Case Report

Anaesthetic Management of a Neonate with Giant Cystic Hygroma


  • Emin Silay
  • İsmail Coşkuner
  • Hüseyin Yıldız
  • Vedat Bakan
  • Halit Baykan
  • Nimet Şenoğlu
  • Hafize Öksüz

Received Date: 08.05.2012 Accepted Date: 19.07.2012 Turk J Anaesthesiol Reanim 2013;41(5):185-187

Cystic hygroma, which originates from embryonic lymphoid tissue, is a benign tumour without any potential for malignancy. It is commonly located in the neck area. Anaesthetic management of a large neck mass may be challenging due to difficulty in intubation and the severe haemodynamic effects of surgical removal of a giant tumour. Serious consequences such as sudden airway occlusion resulting in hypoventilation and hypoxemia may arise. We present the anaesthetic management of a 15-day-old infant who underwent surgical removal of a cystic hygroma located on the left side of the neck. Anaesthesia was induced by mask ventilation with sevoflurane in 100% oxygen and intubation was carried out while maintaining spontaneous ventilation. The endotracheal tube was sutured to the tip of the right lip to avoid movement or extubation. In addition to arterial cannulation for invasive blood pressure monitoring, central venous catheterization for perioperative fluid management was put in place. After 6 hours of surgery, the infant was transported to the neonatal intensive care unit and was extubated without difficulty the next day. Facial nerve injury was observed to be temporary.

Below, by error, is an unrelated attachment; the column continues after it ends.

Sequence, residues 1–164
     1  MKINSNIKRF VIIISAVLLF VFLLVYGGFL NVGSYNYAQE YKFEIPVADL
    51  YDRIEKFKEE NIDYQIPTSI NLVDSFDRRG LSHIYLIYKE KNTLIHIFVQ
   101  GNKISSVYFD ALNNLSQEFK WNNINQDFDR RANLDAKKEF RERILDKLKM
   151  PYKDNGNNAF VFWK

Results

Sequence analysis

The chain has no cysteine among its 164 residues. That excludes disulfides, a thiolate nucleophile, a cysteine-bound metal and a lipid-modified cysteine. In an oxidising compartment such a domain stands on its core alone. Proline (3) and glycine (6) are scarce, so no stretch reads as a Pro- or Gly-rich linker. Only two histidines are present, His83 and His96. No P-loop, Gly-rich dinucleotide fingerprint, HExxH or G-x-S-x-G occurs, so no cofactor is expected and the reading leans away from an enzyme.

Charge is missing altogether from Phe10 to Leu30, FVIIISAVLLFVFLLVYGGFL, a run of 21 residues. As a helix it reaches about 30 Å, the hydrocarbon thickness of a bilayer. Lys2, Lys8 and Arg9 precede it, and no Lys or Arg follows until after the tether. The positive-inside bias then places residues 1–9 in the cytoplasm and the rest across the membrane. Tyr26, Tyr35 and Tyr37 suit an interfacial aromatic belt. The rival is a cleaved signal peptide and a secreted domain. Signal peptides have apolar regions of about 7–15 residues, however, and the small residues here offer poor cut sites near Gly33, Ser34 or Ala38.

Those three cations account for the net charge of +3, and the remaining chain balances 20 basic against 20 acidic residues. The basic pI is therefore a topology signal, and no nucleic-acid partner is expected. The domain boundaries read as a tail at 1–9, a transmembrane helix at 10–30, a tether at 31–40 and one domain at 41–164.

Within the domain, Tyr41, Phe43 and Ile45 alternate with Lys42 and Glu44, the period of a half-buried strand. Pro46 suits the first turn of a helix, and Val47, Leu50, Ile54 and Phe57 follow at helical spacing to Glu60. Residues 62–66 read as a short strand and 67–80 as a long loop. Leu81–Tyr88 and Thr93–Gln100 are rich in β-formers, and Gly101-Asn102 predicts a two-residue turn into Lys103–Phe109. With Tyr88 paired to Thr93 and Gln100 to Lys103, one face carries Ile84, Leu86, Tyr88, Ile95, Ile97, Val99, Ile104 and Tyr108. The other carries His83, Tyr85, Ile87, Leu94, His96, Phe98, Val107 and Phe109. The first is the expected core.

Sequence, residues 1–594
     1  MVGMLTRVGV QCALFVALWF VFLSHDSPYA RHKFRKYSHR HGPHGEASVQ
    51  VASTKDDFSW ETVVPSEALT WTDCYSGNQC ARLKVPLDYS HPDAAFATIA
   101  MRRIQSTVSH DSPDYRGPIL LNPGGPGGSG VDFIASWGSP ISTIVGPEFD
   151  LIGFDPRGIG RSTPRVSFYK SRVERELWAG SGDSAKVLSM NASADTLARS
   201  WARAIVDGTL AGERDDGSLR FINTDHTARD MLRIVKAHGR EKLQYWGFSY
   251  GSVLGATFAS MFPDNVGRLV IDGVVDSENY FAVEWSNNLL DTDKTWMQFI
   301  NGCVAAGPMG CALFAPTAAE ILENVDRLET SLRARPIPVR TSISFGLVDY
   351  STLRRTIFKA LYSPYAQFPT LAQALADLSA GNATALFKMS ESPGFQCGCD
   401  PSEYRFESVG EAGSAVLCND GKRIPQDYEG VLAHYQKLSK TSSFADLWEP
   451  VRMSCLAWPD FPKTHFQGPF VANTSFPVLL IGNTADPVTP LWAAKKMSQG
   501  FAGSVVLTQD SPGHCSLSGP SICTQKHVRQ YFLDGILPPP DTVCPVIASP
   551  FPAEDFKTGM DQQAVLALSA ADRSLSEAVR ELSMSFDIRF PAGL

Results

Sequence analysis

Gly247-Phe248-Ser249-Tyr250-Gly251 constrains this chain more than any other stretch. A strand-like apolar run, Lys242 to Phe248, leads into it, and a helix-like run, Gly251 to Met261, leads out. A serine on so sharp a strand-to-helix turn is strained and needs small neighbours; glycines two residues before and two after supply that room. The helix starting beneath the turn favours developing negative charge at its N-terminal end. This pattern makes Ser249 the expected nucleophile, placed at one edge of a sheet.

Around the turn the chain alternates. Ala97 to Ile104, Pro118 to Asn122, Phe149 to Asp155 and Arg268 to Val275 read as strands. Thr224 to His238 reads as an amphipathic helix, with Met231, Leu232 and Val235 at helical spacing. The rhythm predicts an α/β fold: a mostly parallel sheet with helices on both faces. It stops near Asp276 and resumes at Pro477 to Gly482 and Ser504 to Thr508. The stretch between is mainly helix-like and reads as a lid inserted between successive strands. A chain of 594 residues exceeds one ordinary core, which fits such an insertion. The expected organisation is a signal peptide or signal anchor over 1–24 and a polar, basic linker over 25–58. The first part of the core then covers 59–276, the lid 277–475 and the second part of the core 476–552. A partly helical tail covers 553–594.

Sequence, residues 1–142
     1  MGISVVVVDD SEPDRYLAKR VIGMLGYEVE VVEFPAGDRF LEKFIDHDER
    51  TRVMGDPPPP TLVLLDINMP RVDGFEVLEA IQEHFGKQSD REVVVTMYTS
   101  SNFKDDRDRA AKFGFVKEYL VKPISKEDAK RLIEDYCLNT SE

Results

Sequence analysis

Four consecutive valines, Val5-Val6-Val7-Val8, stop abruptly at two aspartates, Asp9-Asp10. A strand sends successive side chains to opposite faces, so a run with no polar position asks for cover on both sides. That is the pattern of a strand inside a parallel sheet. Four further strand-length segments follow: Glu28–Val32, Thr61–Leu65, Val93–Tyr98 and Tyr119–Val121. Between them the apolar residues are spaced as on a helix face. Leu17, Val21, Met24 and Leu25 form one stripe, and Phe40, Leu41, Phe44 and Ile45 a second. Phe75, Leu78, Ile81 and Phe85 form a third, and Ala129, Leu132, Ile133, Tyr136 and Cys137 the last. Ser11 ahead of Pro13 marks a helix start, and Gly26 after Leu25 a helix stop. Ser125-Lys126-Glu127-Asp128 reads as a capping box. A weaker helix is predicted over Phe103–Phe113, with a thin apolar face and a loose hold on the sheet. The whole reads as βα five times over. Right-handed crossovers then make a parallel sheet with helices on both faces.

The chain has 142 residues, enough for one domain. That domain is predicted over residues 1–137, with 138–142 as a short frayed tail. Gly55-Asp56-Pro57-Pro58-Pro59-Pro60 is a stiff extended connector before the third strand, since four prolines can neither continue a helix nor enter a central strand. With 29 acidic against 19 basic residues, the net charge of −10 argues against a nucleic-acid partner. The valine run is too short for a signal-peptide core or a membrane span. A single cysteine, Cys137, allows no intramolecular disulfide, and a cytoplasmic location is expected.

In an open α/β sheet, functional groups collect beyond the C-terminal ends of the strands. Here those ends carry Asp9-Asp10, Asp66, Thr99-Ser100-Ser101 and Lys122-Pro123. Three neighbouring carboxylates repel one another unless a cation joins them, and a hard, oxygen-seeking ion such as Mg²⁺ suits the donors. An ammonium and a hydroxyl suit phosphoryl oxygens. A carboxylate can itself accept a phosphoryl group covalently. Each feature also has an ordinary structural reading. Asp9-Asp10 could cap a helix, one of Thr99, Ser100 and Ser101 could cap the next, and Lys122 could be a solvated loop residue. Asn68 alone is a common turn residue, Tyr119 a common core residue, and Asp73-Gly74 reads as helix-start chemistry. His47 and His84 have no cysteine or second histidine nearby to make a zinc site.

Keywords: Giant cystic hygroma, anaesthesia, newborn